Justifying the cost of granite didn't add up,
so I chose an attractive laminate 

to replace the butcherblock-look laminate.  

The vanity counters we're installing are resin, or so-called cultured marble, and have built-in sinks. For the kitchen counters, we shopped for granite, quartz, Corian, and laminates. 

I know that buyers hyperventilate over granite counters, but for homes in our price range, we decided granite amounted to over-fixing. We doubted we’d get our money back, so we chose a stone-like black laminate that Mr. Carpenter will install in the kitchen, on the pass-through counter, and in the dry bar off the living room.

Not everyone is a granite fan. Yes, it’ll last hundreds of years, and it’s cold and smooth and shiny, but it’s not exactly maintenance-free. Some chemical cleaners can compromise the sealer and dull and discolor the granite itself.

In our area, hard water is a problem because it stains show in glossy surfaces like stainless and granite. 

With granite as countertops, if certain spills aren’t dealt with quickly, they can etch the surface.  That means everyday cosmetics and toiletries like perfume and mouthwash, as well as common foods like citrus, coffee and oils, can be detrimental to granite.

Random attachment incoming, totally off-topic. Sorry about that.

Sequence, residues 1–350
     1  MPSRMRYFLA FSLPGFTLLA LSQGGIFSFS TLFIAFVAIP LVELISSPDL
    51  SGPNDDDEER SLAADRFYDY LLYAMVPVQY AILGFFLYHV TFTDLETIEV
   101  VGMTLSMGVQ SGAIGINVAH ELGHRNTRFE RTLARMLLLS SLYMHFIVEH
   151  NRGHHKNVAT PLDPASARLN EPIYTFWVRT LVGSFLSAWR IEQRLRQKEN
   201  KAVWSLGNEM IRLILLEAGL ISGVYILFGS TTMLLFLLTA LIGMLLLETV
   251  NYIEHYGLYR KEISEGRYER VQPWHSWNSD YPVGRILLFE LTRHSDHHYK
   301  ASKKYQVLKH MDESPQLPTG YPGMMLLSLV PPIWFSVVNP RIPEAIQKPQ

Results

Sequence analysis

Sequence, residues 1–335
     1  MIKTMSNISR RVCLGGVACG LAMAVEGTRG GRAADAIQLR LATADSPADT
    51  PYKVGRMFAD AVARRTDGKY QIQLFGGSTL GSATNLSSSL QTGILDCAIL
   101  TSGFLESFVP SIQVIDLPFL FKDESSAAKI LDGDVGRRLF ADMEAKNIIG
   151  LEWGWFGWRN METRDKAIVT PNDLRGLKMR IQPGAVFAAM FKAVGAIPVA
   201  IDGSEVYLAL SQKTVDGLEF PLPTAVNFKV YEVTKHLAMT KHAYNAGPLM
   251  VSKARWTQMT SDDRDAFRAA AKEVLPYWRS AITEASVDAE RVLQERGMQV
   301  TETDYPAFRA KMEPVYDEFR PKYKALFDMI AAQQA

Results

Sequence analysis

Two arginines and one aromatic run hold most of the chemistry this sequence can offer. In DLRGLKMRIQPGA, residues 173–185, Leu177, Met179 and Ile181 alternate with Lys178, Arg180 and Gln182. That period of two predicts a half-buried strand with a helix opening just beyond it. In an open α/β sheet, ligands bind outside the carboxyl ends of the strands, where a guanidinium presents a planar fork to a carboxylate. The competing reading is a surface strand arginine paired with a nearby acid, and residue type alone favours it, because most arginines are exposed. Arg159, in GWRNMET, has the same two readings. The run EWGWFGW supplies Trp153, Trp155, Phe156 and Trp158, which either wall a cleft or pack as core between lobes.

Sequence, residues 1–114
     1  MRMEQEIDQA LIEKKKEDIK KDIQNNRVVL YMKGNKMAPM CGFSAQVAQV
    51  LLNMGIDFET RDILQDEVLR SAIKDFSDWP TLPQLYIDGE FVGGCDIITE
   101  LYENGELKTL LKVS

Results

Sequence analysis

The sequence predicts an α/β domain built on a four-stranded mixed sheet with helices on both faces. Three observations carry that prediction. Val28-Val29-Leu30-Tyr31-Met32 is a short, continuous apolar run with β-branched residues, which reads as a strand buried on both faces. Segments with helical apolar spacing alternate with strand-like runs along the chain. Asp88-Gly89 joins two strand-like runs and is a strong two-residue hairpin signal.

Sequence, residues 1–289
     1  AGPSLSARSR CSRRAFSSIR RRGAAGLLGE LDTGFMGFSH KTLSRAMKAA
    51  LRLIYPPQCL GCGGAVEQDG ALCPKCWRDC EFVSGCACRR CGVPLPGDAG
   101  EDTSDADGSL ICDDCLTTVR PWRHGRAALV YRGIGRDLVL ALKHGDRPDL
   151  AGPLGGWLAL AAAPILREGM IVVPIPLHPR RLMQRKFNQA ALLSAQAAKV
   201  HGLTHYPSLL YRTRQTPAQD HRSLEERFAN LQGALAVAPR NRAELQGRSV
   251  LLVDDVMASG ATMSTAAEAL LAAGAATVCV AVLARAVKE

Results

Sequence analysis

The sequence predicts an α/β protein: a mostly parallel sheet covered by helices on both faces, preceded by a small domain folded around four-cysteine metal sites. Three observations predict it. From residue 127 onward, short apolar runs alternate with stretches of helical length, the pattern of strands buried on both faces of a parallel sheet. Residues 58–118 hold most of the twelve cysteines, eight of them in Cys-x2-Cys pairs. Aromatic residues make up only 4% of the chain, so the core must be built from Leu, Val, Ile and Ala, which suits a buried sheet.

The vanities in both baths already matched,
so I gave them matching faucets 

and raised them both to a sexier 35.5-inch height.

Bring on the plastics

Laminates like Formica are easy to take care of, are reasonably priced, outlive the homeowners, and come in all kinds of styles and colors.    

At our condo, we’re trying to put money where it will give good returns. It was easier than we thought to bring the vanities up a few inches to a trendier 35.5-inch height. Mr. Lucky removed the faucets, and then he and Mr. Carpenter eased out the old sinks and countertops.

They had to enlarge the opening at the back of each vanity cabinet to accommodate the existing plumbing since it now entered the cabinet at a different level. No big deal.

All it took as a 3.5-inch board at the base of each vanity, acting as a new kickplate. Then they were screwed back in place on the wall. I think this is an exciting way to get a contemporary look without replacing the whole cabinet, and all it takes is basic carpentry skills, some muscle, a little lumber, and a lick of paint.  

It’s worth mentioning that all the metal we pull out of the unit – old pipes, faucets, cabinet hardware, light fixtures – we are hauling to the recycle center and getting cash in return. We donated the still-good bathroom sinks to Habitat For Humanity ReStore.